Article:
@orannia @Kristen – Yeah don’t go blabbing to Ana and Thea or Angie about not reading these books yet. They’re going to come after you!
@AnimeJune – ohh, and I tend to agree with your opinion. I guess I’ll see what happens when I get to HEIR TO SEVENWATERS.
Bella F.July 14, 2010 at 7:31 pm
I love the way u ladies think, as I myself regularly chase down and force friends to read books I “j’adore” as well 😆
ChachicJuly 14, 2010 at 7:44 pm
Great review! I love both Sorcha and Red, they are great characters. Red’s storytelling near the end of the book is very sweet. I couldn’t get that out of my head days after I finished reading.
I think it was also Angie who urged me to read this wonderful book. It was already in my wishlist but she asked me to read it as soon as I got it and I’m glad I did. I loved it. 🙂 Right after I read it, I included Daughter of the Forest in my list of favorite books. Son of the Shadows is just as good. I’m currently in the middle of Child of the Prophecy and I look forward to reading more of Juliet Marillier’s works.
Nicola O.July 14, 2010 at 9:24 pm
Well, I do think that Daughter was the best of the Sevenwaters books by a fair stretch. I have read almost everything Marillier has written and some bits definitely better than others. I love her writing but I think sometimes her premise, or maybe her plotting fails me. They’re lovely chewy books but can bog down sometimes.
janicuJuly 15, 2010 at 10:35 am
@Bella F – Yup, seems to be a trait of a booklover!
@Chachic – Thanks! OK I’m really going to read SON OF THE SHADOWS soon. Lots of positive opinions on it.
@Nicola O – You’re the second person (I think) who said they liked DAUGHTER OF THE FOREST best. Hmm. Interesting. I will have to see if I think the same or not.
AnonJuly 15, 2010 at 12:06 pm
I had a hard time with Daughter of the Forest. I think I read the first 1/3
(until Sorcha gets gang-raped), then read the last 1/3) which was really sweet. I found the middle part way too painful and just skimmed it.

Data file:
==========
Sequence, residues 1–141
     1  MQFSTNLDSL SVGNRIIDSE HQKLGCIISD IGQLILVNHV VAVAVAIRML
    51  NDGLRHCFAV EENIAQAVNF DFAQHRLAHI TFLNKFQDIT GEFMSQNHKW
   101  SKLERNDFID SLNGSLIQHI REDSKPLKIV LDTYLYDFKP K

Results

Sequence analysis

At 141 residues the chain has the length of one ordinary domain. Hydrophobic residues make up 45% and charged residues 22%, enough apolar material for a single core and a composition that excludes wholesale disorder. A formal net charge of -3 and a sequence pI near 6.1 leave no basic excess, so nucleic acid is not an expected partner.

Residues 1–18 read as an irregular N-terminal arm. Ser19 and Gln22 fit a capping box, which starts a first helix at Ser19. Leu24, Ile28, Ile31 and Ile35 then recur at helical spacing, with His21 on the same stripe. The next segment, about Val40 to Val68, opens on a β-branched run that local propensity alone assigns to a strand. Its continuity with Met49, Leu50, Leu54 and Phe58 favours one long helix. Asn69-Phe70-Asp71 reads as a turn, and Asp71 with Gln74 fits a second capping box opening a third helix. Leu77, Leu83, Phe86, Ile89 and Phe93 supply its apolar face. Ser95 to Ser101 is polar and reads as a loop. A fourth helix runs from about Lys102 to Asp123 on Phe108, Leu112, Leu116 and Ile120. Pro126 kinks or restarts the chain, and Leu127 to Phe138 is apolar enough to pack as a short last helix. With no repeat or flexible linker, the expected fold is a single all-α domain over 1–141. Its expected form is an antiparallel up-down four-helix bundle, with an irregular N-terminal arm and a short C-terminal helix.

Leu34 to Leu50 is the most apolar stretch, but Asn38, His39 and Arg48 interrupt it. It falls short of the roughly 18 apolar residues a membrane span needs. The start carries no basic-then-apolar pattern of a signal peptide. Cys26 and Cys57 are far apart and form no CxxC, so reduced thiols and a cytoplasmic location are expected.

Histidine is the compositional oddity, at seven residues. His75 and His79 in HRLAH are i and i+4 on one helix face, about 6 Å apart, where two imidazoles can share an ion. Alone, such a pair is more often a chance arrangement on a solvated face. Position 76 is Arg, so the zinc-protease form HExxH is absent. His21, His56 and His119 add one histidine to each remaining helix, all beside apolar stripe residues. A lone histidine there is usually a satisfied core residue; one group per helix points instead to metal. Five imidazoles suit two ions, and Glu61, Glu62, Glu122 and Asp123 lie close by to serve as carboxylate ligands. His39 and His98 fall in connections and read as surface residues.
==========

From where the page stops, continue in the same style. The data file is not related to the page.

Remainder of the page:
I’m trying to nerve myself up to go on to Son of the Shadows and the rest of the series. If it has as much ‘torture, pain, and death’ as DOF, then I’m not sure if it will work for me.
I did read and very much enjoy Wildwood Dancing, Cybele’s Secret, and Heir to Sevenwaters. I read Heart’s Blood as well and found it enjoyable although the hero was a bit too passive for me.
HollyJuly 15, 2010 at 2:23 pm
Yay! I love this book and Juliet Marillier. After DOTF I read everything she’s published – she’s just my cup of tea. I third everyone else, PLEASE read Son of the Shadows soon! I think it’s just as good.
janicuJuly 16, 2010 at 7:02 am
@Anon – Yeah I had a hard time with that too and wasn’t sure whether to mention it in the review as a warning or try not to give spoilers. In the end I alluded to it. I already had a comment on my blog from someone who figured out that’s what I was saying. I get why it would be hard to keep reading there.
@Holly – (Happy belated birthday!) Ah peer pressure! 😀 Yes I will try to be good about reading it soon. You have permission to make sure I do.
Erika (Jawas Read, Too)July 16, 2010 at 11:47 am
Lovely review, Janicu! 😉 I haven’t read any of her titles yet, but think I’ll be starting with Wildwood Dancing instead…
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Lavender PungiAugust 10, 2019 at 8:59 am
Hello, my name is Lavender and I’ve been trying desperately to download this book. No matter how many websites I checked, I just couldn’t download it o read it online. If anyone has a pdf of the book, or an e-copy. It will be very much appreciated.